Agent of Change

Joy St. John

A photo portrait of Joy St. John

Photo by Lisa Abitbol

Photo by Lisa Abitbol

Joy St. John, dean of admission and financial aid, didn’t expect to stay at Wellesley for so many years. “I’ve worked at five colleges and universities, but never anywhere for this long—two weeks shy of 12 years,” she says.

What held her here? “This was the first place I ever worked where the mission of the institution was so prominent in the community,” she says. “At Wellesley, you can go up to a student or a staff member or a faculty member, and even if they don’t know the mission word-for-word, they could paraphrase it. OK, this is why we’re here: to develop female leaders.”

A commitment to building a truly diverse student body also drove her. When announcing St. John’s decision to leave Wellesley this spring to serve as director of admission at Harvard College, President Paula Johnson said, “Under her leadership, Wellesley has recruited its most diverse classes, which has deeply enhanced the student experience.”

The chance to work with Johnson also kept St. John at Wellesley. “When they hired Paula, I could not believe how lucky I was,” she says. “They had hired someone whose educational mission and values were so closely aligned with mine. And it’s the first time in my life that I had had another Black woman as a boss, ever, in any job of any kind. It was just a really good match.”

St. John became interested in education administration during her undergraduate years at Stanford. “I was a poli sci major, and I had a lot of student leadership jobs affiliated with administrative offices. When I was thinking about what I wanted to do, I thought, ‘I want to be an administrator,’” she says.

After graduation, she worked in admission at an independent school. Then came a detour into law school. “I grew up in a house with my father, who didn’t graduate from college,” she says. “And my dad was all over me about going to grad school. He said, ‘You always loved Perry Mason and L.A. Law. You should go to law school.’ When I say that now as an admission person, I’m like, ‘Oh my God, that’s so the wrong reason.’”

She ended up at UCLA School of Law. “So, I’m in California, and there are a lot of really important ballot propositions during that time. One was Prop 209, which changed the California constitution to make it unlawful to consider race or gender in admission in public contracts. I was doing some work advocating against passing Prop 209, and realized that this was a really important issue in terms of the future of education,” St. John says.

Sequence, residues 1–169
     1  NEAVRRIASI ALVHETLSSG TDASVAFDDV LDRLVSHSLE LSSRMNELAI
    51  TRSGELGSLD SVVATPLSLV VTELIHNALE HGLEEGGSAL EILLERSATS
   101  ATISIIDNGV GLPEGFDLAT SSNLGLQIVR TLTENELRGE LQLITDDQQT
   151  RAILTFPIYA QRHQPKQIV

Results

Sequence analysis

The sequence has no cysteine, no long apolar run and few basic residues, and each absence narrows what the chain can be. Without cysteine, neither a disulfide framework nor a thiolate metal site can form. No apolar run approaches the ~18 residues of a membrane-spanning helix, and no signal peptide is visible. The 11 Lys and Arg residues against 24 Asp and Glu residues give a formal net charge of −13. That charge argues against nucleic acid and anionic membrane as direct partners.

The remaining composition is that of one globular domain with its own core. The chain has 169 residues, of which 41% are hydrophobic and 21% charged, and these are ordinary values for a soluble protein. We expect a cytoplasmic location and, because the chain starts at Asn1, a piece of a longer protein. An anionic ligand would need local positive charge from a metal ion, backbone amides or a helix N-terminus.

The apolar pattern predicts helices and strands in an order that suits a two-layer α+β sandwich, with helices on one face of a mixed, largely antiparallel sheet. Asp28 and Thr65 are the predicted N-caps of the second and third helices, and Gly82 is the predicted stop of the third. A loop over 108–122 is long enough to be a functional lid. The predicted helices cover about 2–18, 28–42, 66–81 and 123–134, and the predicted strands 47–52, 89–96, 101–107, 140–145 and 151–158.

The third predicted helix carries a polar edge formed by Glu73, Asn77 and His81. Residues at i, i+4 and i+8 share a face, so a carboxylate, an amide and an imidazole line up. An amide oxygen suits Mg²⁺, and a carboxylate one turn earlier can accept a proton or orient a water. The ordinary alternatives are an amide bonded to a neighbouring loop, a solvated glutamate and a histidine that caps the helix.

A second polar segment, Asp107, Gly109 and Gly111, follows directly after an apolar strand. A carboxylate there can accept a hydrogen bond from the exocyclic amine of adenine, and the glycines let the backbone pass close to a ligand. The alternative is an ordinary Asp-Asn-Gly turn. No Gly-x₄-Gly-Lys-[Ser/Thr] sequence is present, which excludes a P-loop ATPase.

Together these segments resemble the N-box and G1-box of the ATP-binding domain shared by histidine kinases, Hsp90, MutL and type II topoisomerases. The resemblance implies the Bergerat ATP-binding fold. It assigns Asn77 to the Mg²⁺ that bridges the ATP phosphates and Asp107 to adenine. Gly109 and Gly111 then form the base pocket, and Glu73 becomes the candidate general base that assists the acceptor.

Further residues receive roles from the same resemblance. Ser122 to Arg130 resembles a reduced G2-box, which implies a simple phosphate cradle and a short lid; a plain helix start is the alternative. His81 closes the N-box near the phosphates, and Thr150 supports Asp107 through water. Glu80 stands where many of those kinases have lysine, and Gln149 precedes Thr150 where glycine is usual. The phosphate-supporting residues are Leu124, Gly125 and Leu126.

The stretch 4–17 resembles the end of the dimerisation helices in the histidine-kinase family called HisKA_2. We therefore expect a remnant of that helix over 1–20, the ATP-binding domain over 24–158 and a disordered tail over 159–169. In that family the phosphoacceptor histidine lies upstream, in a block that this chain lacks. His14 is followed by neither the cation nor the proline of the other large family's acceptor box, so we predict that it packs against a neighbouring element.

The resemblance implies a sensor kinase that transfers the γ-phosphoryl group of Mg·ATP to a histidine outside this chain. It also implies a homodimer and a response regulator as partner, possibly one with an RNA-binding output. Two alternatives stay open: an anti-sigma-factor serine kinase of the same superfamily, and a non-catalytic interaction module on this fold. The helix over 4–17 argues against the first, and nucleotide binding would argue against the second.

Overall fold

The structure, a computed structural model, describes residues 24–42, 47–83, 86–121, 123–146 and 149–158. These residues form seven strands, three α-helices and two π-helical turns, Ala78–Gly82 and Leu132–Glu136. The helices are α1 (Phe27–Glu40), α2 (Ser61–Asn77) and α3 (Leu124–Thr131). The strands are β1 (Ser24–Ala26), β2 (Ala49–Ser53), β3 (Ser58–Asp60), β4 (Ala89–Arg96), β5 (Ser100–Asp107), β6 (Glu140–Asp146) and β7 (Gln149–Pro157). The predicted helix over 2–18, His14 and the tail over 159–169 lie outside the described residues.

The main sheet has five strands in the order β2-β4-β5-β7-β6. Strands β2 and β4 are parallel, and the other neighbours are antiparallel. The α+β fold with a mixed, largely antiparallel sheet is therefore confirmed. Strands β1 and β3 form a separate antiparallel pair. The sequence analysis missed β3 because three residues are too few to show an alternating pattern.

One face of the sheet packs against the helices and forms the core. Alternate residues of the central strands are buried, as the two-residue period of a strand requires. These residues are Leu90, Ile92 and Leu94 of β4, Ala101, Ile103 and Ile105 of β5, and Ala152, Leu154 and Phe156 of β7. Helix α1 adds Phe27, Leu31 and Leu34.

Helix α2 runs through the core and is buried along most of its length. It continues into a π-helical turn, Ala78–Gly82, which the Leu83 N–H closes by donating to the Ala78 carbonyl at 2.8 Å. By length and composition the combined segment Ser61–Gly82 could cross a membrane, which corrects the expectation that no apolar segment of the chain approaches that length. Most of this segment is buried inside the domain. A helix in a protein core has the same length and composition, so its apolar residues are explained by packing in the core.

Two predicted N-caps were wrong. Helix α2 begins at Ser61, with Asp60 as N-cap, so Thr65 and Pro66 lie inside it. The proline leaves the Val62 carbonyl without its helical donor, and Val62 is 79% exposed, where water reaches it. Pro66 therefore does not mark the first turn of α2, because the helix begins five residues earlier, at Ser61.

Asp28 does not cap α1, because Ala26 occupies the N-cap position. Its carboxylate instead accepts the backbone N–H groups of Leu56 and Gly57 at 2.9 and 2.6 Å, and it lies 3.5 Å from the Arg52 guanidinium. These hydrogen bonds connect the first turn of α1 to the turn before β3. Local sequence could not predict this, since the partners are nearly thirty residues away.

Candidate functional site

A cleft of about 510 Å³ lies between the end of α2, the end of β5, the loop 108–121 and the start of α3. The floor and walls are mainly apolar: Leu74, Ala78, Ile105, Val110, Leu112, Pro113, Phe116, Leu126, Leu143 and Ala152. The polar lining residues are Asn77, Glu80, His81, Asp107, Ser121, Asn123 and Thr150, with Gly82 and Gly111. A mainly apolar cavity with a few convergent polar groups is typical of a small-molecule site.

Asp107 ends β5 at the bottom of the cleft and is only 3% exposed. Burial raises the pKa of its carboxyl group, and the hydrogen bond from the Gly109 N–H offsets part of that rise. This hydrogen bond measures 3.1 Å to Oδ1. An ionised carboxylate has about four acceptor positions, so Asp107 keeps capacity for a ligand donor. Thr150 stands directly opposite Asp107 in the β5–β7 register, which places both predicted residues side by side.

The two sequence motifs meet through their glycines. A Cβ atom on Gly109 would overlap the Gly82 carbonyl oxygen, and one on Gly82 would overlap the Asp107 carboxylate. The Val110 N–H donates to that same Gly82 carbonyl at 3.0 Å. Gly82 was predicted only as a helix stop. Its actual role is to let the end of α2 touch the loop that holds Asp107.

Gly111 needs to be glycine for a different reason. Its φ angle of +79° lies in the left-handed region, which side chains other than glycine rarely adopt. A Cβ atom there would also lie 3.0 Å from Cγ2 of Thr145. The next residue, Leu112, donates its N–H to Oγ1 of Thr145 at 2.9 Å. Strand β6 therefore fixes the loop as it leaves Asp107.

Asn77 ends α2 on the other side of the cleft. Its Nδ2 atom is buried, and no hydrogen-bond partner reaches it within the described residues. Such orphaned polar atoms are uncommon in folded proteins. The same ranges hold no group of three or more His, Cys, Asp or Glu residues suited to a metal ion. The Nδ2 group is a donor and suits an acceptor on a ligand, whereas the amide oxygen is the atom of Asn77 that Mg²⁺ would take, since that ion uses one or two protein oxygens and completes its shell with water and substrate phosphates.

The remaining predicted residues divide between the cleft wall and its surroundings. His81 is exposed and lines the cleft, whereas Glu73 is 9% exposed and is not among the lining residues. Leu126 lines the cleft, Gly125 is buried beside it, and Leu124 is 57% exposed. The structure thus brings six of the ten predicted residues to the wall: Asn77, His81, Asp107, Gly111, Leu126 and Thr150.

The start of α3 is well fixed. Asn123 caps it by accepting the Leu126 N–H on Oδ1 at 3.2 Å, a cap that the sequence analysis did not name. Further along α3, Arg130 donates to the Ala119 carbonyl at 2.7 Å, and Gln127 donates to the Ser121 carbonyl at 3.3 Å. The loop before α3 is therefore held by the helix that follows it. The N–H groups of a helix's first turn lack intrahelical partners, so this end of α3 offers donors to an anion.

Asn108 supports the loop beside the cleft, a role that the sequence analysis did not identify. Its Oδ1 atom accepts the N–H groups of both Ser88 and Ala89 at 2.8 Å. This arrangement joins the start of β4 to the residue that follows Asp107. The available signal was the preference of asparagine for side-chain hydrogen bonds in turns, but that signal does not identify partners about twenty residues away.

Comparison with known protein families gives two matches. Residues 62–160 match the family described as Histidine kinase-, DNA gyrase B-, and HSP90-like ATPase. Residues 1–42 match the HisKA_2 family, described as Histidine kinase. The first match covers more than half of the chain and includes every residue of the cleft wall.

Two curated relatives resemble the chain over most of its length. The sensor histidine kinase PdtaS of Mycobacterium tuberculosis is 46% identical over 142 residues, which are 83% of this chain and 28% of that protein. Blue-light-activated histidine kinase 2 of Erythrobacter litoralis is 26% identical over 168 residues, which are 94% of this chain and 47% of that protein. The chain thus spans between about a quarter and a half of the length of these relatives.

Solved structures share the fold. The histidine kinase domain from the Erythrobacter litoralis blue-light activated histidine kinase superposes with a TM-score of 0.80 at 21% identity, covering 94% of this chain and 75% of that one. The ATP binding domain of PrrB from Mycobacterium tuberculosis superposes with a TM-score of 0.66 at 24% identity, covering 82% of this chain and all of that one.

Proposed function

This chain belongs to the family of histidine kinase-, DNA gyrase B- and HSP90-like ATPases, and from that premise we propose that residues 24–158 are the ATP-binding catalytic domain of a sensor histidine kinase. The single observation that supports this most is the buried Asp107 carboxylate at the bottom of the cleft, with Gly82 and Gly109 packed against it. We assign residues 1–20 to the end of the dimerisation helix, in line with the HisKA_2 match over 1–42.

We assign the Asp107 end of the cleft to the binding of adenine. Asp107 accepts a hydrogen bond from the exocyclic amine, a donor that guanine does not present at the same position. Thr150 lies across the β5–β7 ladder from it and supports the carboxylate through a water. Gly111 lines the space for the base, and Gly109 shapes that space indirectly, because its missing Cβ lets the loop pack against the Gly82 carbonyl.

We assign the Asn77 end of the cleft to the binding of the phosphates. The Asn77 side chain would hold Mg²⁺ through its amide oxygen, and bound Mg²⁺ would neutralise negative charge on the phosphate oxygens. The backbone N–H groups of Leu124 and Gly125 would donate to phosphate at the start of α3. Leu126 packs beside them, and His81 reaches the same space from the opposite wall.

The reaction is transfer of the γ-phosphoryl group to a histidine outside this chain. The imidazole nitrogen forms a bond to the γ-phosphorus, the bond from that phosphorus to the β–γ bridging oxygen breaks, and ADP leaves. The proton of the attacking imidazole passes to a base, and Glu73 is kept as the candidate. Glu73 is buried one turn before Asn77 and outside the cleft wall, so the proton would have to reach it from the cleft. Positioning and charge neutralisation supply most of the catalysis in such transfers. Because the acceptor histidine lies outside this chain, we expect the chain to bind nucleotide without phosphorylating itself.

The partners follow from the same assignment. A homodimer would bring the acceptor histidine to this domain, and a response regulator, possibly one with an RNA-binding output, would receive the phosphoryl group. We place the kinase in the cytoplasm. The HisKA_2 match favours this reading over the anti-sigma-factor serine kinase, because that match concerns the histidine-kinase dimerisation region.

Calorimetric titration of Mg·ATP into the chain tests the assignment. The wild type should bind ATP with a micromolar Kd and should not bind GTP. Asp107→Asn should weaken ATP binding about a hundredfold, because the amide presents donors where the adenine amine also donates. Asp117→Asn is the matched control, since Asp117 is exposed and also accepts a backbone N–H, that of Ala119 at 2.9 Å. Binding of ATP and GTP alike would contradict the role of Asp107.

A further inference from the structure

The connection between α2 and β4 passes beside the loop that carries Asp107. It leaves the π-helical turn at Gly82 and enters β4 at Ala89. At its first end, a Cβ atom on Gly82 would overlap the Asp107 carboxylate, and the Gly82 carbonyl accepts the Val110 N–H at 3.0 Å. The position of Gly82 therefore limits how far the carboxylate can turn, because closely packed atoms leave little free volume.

After Prop 209 passed, during her last year of law school, St. John worked with the UCLA admission office on a new review process in compliance with Prop 209. “I decided that once I graduated, I wanted to go into admission in a leadership position focused on diversity recruitment. I was concerned that a lot of admission offices, especially in California, were going to limit their diversity recruitment because they were fearful that they didn’t understand the law,” she says.

At Wellesley, St. John says, “I’ve been really proud of the growth in the diversity of the applicant pool. Some of that’s demographics. Some of that is being test-optional. But it required an intentional strategy.”

Being at the forefront of change comes naturally, she says. “I’m going to be honest. I’ve always seen myself that way. My parents’ and my grandparents’ generation on both sides of my family were really active in civil rights and integrating different schools or professions. When I was growing up, I thought, ‘OK, it’s my generation’s turn. It’s my job to create change,’” she says.

Now, St. John is taking that energy for change across the river to Cambridge. “Harvard is in a really important place in the conversation about access and inclusivity and diversity and inclusive excellence,” she says. “Their platform is just so large. When Harvard makes choices, other institutions pay attention. They have the potential to move other institutions to action. And just to be there—you know, it’s like Hamilton—you want to be in the room where it happens.”

But she will miss Wellesley. “When I came here, it took me three months to not constantly think, ‘Huh, a majority of the people in charge here, that I’m seeing on a daily basis, are women.’ It was very conspicuous. Then after three months, it just seemed normal. It’s like being in feminist paradise, right? And I know that I’m going to miss that,” she says.

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